Generally, the Netherlands does not provide direct aid to governments of countries hit by crises, but mainly works through international partners, such as the United Nations (UN), the ICRC, but also NGOs. A strict requirement is that international coordination of emergency aid is organised by OCHA.
Because of climate change and potential environmental disasters, the Netherlands sees an important role for Dutch expertise on water management and disaster risk reduction. With large parts below sea-level, the country is highly vulnerable to flooding as evidenced by the North Sea Flood of 1953. In response to this and to climate change, the Netherlands has invested and continues to invest heavily in the protection of its delta.
Formal education takes place at university level where there are a few Master and Minor programmes related to humanitarian action and related fields such as conflict studies. University programmes that specifically target international humanitarian action are present at Wageningen University (a.o. Disaster Studies as a thesis track of International Development Studies) and the University of Groningen, which provides an Erasmus Mundus Joint Master Degree programme together with its international partners in NOHA. At vocational level, humanitarian action seems less present or more related to fields such as civil protection.
Non-formal education takes place particularly in humanitarian organizations and in some think-tanks. Most are practical in-house training for own personnel or workshops to inform the wider public.
GERRITSEN, T. (2007). The Tradition of Human Rights and Humanitarian Action in the Netherlands. Refugee Survey Quarterly. 26 (4). p.pp. 214–219.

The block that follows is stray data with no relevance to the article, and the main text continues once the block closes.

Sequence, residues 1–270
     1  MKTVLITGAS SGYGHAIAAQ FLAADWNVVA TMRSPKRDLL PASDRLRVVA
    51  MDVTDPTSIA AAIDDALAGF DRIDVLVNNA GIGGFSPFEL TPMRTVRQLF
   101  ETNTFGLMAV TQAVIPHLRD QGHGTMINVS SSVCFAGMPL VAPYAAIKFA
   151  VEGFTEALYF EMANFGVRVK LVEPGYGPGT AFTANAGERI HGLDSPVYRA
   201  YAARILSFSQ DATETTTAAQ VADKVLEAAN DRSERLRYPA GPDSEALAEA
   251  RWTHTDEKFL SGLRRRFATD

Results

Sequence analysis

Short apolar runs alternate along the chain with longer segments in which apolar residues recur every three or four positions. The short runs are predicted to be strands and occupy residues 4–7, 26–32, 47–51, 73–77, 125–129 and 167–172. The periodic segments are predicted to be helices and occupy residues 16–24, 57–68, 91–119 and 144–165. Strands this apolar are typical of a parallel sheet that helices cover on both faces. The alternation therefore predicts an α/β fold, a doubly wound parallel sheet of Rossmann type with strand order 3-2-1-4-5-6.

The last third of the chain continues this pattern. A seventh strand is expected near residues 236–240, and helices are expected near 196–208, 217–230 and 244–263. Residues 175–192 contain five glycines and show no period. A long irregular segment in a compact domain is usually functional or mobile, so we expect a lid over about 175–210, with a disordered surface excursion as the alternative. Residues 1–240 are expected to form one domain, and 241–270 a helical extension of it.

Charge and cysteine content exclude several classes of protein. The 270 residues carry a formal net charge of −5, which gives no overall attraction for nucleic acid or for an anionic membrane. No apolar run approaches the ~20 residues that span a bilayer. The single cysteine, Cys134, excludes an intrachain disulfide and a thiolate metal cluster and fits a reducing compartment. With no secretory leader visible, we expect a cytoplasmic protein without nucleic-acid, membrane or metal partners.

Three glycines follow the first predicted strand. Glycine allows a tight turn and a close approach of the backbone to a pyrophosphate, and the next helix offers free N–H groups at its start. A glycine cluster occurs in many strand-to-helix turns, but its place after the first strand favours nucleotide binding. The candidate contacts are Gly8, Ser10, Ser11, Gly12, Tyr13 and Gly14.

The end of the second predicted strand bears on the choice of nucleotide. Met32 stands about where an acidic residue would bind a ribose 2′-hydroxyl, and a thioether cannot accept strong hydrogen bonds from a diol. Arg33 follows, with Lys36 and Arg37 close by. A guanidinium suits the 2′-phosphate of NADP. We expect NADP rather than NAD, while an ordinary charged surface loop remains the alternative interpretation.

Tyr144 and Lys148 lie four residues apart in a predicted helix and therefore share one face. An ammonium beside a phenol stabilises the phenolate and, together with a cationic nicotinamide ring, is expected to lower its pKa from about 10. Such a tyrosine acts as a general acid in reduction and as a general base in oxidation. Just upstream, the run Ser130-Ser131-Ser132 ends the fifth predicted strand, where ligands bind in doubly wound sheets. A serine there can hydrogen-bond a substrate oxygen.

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KNAPEN, B., ARTS, G., KLEISTRA, Y., KLEM, M. & REM, M. (2011). Attached to the World: On the Anchoring and Strategy of Dutch Foreign Policy. [Online]. Amsterdam: Scientific Council for Government Policy (WRR).
Available from: http://www.wrr.nl/en/projecten/project/article/wrr-rapport-85-aan-het-buitenland-gehecht/. [Accessed: 26 June 2014].
NETHERLANDS. MINISTRY OF FOREIGN AFFAIRS. (2013) A World to Gain: A New Agenda for Aid, Trade and Investment. [Online]. The Hague.
Available from: http://www.government.nl/documents-and-publications/letters/2013/04/05/global-dividends-a-new-agenda-for-aid-trade-and-investment.html. [Accessed: 26 June 2014].
NETHERLANDS. MINISTRY OF FOREIGN AFFAIRS. (2012) Aid for People in Need: Policy Framework for Humanitarian Aid. [Online].
Available from: http://www.government.nl/documents-and-publications/reports/2012/03/29/aid-for-people-in-need.html. [Accessed: 26 June 2014].
OECD. (2011) The Netherlands, Development Assistance Committee (DAC) Peer Review 2011. [Online]. Paris.
Available from: http://www.oecd.org/dac/peer-reviews/netherlands.htm. [Accessed: 26 June 2014].
STICHTING SAMENWERKENDE HULPORGANISATIES. (n.d.) Over SHO. [Online].
Available from: http://samenwerkendehulporganisaties.nl/over-sho/. [Accessed: 26 June 2014].
Prof.dr. J. Herman